“Evaluation of kidney health is more accurate when both eGFR and uACR are completed, as eGFR assesses kidney function by testing for waste products (creatinine) in the blood and uACR assesses kidney damage by testing for proteins (albumin) in the urine. Having both results allows appropriate identification, staging, monitoring and treatment of diabetic kidney disease… kidney health evaluation is underperformed for patients with diabetes…the current HEDIS Medical Attention for Nephropathy indicator is not precise enough to meet the needs of kidney health evaluation as an aspect of diabetes management”. 

The ADA guidelines, after recommending annual kidney health evaluation, has a set of recommendations for medication management (ACEIs, ARBs, SGLT-2 inhibitors and GLP-1 antagonists) and referral that are based on the stage of kidney disease as defined by the eGFR and uACR tests. (See Take 3 #435 for specifics).   

There is no systematic review that I can find that examines whether or not patients have better outcomes with this annual testing. There ARE data from Cochrane and other systematic reviews that show definite mortality and morbidity reduction from ACEI/ARB treatment in patients with diabetes and (micro-)albuminuria. In the UK, a 2014 cost-effectiveness modeling paper found that annual albuminuria screening in patients with type 2 diabetes without regard to ACEI/ARB use, while leading to significant overdiagnosis, was still cost-effective. However, this review did not address eGFR testing or continuing to monitor albuminuria levels after treatment with ACEI/ARB.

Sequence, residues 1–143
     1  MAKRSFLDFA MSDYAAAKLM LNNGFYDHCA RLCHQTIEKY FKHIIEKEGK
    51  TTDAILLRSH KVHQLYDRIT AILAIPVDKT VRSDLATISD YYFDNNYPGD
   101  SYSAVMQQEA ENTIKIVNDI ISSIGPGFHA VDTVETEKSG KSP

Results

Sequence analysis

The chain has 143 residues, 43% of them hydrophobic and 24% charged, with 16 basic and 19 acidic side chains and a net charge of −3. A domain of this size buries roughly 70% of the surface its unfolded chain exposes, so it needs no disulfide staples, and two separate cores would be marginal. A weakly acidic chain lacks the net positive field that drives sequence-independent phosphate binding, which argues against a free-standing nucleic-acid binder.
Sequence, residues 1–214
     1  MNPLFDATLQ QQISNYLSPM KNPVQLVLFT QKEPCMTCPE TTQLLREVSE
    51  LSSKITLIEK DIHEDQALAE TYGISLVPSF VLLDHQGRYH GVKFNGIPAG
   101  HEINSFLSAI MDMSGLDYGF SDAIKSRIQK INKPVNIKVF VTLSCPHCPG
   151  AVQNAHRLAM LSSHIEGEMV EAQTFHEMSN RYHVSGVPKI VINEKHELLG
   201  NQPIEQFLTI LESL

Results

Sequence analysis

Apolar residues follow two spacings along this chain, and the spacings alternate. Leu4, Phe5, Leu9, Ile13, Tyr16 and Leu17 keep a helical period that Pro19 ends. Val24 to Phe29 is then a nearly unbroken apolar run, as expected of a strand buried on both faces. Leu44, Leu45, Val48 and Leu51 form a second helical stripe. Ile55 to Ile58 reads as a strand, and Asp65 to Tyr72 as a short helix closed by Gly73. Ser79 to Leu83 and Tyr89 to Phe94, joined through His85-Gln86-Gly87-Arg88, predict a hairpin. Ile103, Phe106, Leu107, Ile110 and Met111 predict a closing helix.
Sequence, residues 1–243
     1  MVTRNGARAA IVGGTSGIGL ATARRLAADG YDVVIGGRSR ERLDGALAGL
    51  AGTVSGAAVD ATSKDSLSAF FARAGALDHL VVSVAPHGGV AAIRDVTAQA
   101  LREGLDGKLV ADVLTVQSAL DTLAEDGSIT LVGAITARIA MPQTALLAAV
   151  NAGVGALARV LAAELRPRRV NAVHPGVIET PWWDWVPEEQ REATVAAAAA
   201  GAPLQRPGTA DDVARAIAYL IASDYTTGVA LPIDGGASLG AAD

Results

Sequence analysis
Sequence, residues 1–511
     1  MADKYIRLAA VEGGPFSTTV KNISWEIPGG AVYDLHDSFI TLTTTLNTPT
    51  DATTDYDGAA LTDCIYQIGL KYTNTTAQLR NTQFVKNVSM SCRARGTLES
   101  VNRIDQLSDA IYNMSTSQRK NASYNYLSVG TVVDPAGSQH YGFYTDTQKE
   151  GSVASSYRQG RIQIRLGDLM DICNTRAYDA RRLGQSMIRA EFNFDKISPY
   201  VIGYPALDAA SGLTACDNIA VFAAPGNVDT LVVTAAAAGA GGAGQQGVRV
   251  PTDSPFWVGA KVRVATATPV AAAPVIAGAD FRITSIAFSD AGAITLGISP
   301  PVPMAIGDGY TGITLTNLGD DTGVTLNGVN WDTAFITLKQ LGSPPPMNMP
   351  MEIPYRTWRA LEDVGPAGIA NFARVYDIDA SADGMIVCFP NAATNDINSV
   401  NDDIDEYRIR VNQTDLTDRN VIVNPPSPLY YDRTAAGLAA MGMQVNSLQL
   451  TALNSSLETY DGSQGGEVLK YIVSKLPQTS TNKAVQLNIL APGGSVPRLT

John’s Comments:

The evidence supporting yearly eGFR and uACR screening regardless of treatment is indirect at best and relies on the evidence of improved outcomes with treatment. I doubt that there will be a future funded study of yearly screening given the strong recommendations for treatment of diabetic kidney disease that the screening detects. As an analogy, there used to be recommendations about when to start performing cholesterol testing in adults, but then recommendations started assuming testing occurred, and focused on when to start statins instead. This seems to be the same.    


·         Strippoli GF et al.  ACEi and ARBs for preventing the progression of diabetic kidney disease. Cochrane Kidney and Transplant Group, ed. Cochrane Database of Systematic Reviews. Published online October 18, 2006. Link

·         Fink H et al.  CKD Stages 1–3: Screening, Monitoring, and Treatment. Comparative Effectiveness Review No. 37. AHRQ; 2012:1003. Link 

·         Farmer AJ et al.  Modelling progression of kidney disease in T2D. In: Optimal Strategies for Identifying Kidney Disease in Diabetes: Properties of Screening Tests, Progression of Renal Dysfunction and Impact of Treatment – Systematic Review.   NIHR Journals Library; 2014. Accessed April 6, 2022. Link 

From PeerRxMed ( www.PeerRxMed.org )

3)  Resilience??!!  What We Need is More Rē-Zilience!

             “What’s your ‘word’?  Mine is Zilience.”   Me